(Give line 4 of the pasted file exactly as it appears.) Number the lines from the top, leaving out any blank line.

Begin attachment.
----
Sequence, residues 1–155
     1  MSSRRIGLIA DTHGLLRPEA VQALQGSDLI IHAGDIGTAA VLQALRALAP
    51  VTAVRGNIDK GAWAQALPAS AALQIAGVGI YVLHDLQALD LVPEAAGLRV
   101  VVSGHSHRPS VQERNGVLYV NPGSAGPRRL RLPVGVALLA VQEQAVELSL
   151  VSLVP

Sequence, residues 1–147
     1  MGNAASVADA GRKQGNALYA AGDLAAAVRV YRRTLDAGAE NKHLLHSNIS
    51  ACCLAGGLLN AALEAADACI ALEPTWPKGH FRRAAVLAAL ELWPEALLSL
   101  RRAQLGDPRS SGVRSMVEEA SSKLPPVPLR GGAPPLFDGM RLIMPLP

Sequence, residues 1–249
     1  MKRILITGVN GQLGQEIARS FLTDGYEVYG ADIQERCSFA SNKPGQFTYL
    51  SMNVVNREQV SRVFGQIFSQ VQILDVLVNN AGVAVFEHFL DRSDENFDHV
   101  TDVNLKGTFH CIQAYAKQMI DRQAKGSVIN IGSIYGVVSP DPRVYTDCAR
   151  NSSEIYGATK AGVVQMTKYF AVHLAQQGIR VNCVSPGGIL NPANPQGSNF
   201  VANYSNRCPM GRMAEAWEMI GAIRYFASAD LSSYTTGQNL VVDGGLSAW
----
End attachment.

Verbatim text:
   101  VVSGHSHRPS VQERNGVLYV NPGSAGPRRL RLPVGVALLA VQEQAVELSL